September 18, 2020

Anne – Part 38

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We continue our serialisation of Anne by Constance Fenimore Woolson

“Now came the parting. Rast was to leave the island”

“A promise.”

“To be magnificently fulfilled in the future?”

“That depends upon fate, madam; or rather circumstances.”

“For my part, I would rather be fulfilled, although not perhaps magnificently, than remain even the most glorious promise,” said Mrs. Rankin, laughing.

“For my part, I would rather be fulfilled, although not perhaps magnificently, than remain even the most glorious promise,” said Mrs. Rankin, laughing.

The fort ladies liked the old chaplain, and endured his long monologues by adding to them running accompaniments of their own. To bright society women there is nothing so unendurable as long arguments or dissertations on one subject. Whether from want of mental training, or from impatience of delay, they are unwilling to follow any one line of thought for more than a minute or two; they love to skim at random, to light and fly away again, to hover, to poise, and then dart upward into space like so many humming- birds. Listen to a circle of them sitting chatting over their embroidery round the fire or on a piazza; no man with a thoroughly masculine mind can follow them in their mental dartings hither and thither. He has just brought his thoughts to bear upon a subject, and is collecting what he is going to say, when, behold! They are miles away, and he would be considered stupid to attempt to bring them back. His mental processes are slow and lumbering compared with theirs.  And when, once in a while, a woman appears who likes to search out a subject, she finds herself out of place and bewildered too, often a target for the quick tongues and light ridicule of her companions.  If she likes to generalize, she is lost. Her companions never wish to generalize; they want to know not the general view of a subject, but what Mrs. Blank or Mr. Star thinks of it. Parents, if you have a daughter of this kind, see that she spends in her youth a good portion of every day with the most volatile swift-tongued maidens you can find; otherwise you leave her without the current coin of the realm in which she must live and die, and no matter if she be fairly a gold mine herself, her wealth is unavailable.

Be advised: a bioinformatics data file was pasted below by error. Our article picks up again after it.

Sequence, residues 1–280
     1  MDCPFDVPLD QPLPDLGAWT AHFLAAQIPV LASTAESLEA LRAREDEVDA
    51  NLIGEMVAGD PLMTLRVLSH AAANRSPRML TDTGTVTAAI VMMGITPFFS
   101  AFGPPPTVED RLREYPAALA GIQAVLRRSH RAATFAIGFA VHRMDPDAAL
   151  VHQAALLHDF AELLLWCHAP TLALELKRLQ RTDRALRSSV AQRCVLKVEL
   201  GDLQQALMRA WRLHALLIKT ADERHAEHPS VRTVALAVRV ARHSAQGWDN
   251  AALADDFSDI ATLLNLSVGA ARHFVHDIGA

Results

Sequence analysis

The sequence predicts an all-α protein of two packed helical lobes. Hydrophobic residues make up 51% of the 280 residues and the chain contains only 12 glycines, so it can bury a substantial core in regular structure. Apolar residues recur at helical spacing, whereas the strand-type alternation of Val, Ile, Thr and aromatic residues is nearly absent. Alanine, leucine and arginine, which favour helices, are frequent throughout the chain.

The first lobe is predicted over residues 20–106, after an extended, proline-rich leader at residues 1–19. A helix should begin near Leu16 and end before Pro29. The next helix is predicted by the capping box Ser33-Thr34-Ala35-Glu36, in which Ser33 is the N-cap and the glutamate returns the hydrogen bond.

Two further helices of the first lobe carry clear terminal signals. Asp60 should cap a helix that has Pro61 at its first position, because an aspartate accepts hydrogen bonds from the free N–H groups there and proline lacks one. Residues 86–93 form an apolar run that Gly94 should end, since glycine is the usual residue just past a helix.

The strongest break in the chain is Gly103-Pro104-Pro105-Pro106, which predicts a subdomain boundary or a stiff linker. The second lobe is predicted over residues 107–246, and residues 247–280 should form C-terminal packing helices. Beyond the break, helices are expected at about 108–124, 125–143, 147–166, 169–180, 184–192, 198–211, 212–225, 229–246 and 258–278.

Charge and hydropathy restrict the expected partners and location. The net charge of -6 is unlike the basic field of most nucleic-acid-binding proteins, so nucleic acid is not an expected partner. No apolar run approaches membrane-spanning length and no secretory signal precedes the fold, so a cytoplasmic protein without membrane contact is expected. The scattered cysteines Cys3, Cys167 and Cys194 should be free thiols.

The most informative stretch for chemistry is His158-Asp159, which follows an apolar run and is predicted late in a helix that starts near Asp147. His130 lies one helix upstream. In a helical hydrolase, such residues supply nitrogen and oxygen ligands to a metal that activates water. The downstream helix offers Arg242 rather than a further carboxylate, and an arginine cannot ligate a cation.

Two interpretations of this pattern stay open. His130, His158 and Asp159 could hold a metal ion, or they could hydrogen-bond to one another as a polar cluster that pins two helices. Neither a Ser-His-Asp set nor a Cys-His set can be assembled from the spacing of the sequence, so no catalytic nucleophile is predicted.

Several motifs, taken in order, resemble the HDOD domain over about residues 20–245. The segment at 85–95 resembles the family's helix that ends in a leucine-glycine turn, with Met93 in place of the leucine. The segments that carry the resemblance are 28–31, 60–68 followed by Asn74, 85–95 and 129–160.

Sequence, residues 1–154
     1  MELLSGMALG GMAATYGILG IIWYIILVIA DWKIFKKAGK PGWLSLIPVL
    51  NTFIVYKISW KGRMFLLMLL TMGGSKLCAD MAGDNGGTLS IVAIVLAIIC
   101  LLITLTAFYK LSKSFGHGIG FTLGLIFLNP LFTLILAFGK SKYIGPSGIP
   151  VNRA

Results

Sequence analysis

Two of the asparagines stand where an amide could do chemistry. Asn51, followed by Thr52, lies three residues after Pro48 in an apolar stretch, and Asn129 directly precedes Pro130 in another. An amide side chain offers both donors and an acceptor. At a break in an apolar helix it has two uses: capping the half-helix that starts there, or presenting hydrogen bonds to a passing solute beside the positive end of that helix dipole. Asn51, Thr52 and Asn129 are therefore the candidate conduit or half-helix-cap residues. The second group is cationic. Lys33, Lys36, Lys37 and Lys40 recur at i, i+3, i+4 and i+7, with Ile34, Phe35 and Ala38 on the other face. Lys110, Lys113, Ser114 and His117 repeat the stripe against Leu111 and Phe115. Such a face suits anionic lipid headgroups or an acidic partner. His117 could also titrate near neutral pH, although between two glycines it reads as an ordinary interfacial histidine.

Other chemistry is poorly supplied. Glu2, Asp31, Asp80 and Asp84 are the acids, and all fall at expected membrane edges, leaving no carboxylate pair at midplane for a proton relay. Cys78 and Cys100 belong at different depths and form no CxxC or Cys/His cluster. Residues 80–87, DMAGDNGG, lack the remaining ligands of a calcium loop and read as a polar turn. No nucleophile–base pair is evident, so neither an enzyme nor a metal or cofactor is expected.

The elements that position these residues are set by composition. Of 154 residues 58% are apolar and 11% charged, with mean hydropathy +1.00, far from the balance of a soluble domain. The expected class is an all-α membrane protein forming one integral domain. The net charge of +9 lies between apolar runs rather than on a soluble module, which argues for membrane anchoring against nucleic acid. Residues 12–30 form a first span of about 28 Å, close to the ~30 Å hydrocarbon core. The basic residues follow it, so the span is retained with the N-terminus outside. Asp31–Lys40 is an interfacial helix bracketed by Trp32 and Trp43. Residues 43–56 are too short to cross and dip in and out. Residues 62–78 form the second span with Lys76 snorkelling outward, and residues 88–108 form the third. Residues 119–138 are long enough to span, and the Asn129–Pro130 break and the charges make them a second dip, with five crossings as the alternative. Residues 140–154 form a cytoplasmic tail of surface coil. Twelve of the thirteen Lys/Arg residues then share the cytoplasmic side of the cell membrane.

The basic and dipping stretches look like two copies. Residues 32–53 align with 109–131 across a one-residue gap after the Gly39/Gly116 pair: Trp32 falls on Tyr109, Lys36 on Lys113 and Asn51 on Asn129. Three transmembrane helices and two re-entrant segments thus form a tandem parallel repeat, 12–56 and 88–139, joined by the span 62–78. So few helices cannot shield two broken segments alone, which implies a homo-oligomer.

Spring burst upon the island with sudden glory; the maples showed all at once a thousand perfect little leaflets, the rings of the juniper brightened, the wild larches beckoned with their long green fingers from the height. The ice was gone, the snow was gone, and no one knew whither; the Straits were dotted with white sails. Bluebells appeared, swinging on their hair-like stems where late the icicles hung, and every little Indian farm set to work with vigor, knowing that the time was short. The soldiers from the fort dug in the military garden under the cliff, turning up the mold in long ridges, and pausing to hang up their coats on the old stockade with a finely important air of heat: it was so long since they had been too warm! The little village was broad awake now; there was shipping at the piers again, and a demand for whitefish; all the fishing-boats were out, and their half-breed crews hard at work. The violins hung unused on the walls of the little cabins that faced the west, for the winter was ended, and the husbands and lovers were off on the water: the summer was their time for toil.

And now came the parting. Rast was to leave the island, and enter the Western college, which Dr. Gaston had selected for him. The chaplain would have sent the boy over to England at once to his own alma mater had it been possible; but it was not possible, and the good man knew little or nothing of the degree of excellence possessed by American colleges, East or West. Harvard and Yale and old Columbia would not have believed this; yet it was true.

Rast was in high spirits; the brilliant world seemed opening before him. Everything in his life was as he wished it to be; and he was not disturbed by any realization that this was a rare condition of affairs, which might never occur again. He was young, buoyant, and beautiful; everybody liked him, and he liked everybody.  He was going to set sail into his far bright future, and he would find, probably, an island of silver and diamonds, with peacocks walking slowly about spreading their gorgeous feathers, and pleasure- boats at hand with silken sails and golden oars.  It was not identically this that he dreamed, but things equally shining and unattainable—that is, to such a nature as his. The silver and diamond islands are there, but by a law of equalization only hard- featured prosaic men attain them and take possession, forming there afterward a lasting

Contrast to their own surroundings, which then goes into the other scale, and amuses forever the poverty-stricken poets who, in their poor old boats, with ragged canvas and some small ballast of guitars and lutes, sail by, eating their crusts and laughing
at them.

 

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